American Hospital Blog

Retinal Diseases

Retinal Diseases

Retinal diseases

Retinal diseases have visual symptoms that widely differ based on the condition. Retinal disorders affect some part of the retina, a thin layer of tissue on the inside back wall of the eye, causing a visual problem.
 
The retina carries millions of light-sensitive cells (rods and cones) and other nerve cells that collect and direct visual information. It transmits this message to the brain through the optic nerve, enabling people to see. 
 
Depending on the type of retinal disease, the condition is treated to stop or delay the disease and preserve, repair or restore the vision. However, if the retinal disorder is untreated, some can cause severe vision loss or blindness.
 

Know the types of retinal disorder

Common retinal conditions are as follows:
 
• Retinal tear. It happens when the clear, gel-like substance in the center of the eye (vitreous) shrinks and tugs on the thin layer of tissue lining the back of the eye (retina) with sufficient traction, resulting in a break in the tissue. It often causes symptoms like floaters and flashing lights.
• Retinal detachment. There is fluid under the retina in this condition. When the fluid passes through a retinal tear, it lets the retina lift away from the underlying tissue layers.
• Diabetic retinopathy. Tiny blood vessels (capillaries) in the back of the eye may deteriorate and leak fluid into and under the retina in diabetics. This results in retina swelling that may blur or distort the vision or develop new, abnormal capillaries that break and bleed, causing the eyesight to worsen.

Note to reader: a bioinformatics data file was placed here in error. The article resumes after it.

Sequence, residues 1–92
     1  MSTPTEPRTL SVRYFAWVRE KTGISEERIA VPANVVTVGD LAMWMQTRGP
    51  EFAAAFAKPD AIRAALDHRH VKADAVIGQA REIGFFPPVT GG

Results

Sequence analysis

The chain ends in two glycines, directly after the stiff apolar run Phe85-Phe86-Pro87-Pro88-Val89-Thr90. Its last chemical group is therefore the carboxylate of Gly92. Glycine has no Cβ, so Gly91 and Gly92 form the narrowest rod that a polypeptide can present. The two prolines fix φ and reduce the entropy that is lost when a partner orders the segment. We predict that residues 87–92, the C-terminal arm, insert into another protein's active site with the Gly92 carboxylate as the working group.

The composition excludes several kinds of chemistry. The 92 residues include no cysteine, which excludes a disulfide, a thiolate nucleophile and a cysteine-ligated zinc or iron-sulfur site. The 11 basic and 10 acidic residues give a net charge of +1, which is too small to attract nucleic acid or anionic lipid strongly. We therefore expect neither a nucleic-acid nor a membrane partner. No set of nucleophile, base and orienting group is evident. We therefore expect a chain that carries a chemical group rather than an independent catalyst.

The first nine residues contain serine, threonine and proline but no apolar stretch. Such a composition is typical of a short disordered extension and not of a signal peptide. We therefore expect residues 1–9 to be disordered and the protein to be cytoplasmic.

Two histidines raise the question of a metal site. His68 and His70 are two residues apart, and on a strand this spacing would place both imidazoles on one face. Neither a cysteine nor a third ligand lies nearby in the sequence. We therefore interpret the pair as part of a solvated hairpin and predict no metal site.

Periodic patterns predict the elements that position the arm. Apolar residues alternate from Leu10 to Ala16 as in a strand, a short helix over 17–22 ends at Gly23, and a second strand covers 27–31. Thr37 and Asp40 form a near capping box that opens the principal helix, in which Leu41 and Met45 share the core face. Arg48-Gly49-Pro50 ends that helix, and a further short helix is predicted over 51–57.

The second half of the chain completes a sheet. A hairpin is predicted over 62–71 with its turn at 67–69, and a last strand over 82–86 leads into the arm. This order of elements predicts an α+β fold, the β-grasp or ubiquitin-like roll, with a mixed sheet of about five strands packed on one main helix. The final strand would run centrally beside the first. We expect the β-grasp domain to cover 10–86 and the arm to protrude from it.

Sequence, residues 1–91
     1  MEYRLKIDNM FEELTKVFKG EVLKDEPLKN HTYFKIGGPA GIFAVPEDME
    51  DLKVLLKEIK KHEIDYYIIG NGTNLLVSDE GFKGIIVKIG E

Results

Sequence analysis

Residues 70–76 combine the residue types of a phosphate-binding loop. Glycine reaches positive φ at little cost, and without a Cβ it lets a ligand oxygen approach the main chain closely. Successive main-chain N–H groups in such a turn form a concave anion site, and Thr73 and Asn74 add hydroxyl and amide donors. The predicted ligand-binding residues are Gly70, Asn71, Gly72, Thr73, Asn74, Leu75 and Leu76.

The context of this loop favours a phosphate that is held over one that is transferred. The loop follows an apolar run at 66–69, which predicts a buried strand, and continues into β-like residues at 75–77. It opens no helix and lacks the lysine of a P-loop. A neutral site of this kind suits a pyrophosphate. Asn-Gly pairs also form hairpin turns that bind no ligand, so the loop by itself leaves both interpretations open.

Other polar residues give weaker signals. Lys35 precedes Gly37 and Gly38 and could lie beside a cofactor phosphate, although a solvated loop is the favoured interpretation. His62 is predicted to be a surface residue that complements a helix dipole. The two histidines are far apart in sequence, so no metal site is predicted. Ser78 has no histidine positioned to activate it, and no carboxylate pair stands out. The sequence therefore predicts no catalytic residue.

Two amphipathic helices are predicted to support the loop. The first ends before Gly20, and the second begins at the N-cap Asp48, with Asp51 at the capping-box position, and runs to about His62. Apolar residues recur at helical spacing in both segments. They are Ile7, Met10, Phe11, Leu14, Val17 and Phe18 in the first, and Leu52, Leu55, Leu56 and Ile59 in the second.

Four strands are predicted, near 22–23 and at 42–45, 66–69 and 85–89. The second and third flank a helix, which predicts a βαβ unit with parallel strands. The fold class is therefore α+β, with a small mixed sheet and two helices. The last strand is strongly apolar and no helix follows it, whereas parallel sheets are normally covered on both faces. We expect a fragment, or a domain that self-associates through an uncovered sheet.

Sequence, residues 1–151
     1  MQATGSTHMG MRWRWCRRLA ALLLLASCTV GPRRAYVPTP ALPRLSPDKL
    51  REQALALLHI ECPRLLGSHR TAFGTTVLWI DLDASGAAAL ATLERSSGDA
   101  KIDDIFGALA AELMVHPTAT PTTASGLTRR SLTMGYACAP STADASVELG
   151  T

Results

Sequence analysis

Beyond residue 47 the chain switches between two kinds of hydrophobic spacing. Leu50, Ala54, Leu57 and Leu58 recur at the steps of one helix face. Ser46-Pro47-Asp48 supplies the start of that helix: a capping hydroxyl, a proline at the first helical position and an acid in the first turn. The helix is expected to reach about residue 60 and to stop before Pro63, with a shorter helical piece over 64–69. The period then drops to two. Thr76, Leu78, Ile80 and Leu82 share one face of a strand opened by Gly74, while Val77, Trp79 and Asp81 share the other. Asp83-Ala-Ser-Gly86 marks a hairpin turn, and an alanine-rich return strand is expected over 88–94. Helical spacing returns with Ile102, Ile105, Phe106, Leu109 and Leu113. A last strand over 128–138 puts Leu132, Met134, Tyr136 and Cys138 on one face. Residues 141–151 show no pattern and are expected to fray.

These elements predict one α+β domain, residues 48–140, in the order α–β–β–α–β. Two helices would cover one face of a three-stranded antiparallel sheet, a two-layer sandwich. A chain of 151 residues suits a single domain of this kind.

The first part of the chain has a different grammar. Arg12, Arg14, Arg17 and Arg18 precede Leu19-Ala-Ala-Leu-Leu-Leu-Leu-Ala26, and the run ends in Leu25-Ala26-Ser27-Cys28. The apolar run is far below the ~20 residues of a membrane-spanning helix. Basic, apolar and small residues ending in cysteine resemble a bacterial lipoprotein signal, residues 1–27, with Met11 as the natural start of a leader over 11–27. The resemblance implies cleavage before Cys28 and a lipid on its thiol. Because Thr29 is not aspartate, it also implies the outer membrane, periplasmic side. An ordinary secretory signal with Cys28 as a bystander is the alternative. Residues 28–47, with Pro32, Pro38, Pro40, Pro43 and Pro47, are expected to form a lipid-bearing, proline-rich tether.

• Epiretinal membrane. It is a delicate tissue-like scar or membrane that resembles crinkled cellophane lying on top of the retina. This membrane pulls up on the retina resulting in weakening vision, making objects look blurred or crooked.
• Macular hole. This is a minor defect in the center of the retina behind the eye (macula). It is caused by abnormal traction between the retina and the vitreous or an injury to the eye.
• Macular degeneration. In this condition, the retina's centre begins to deteriorate, resulting in blurred central vision or a blind spot in the center of the visual field. There are two types — wet macular degeneration and dry macular degeneration. Typically, people first experience the dry form that gradually progresses to the wet form in one or both eyes.
• Retinitis pigmentosa. This is an inherited degenerative disease that gradually the retina, causing loss of night and side vision.

Understand the symptoms

Several retinal diseases have similar symptoms like:
 
• Witnessing floating specks or cobwebs
• Blurred or distorted vision, wherein straight lines look wavy
• Defects in the side vision
• Lost vision
Examine each eye alone to notice these.
 

Consult the doctor

Get a doctor's help when you suddenly have floaters, flashes or reduced vision, as they are warning signs of potentially severe retinal disease.
 

Recognise the risk

Retinal diseases might happen due to ageing, smoking, eye trauma, being obese, having diabetes or other medical conditions or a family history of retinal diseases.

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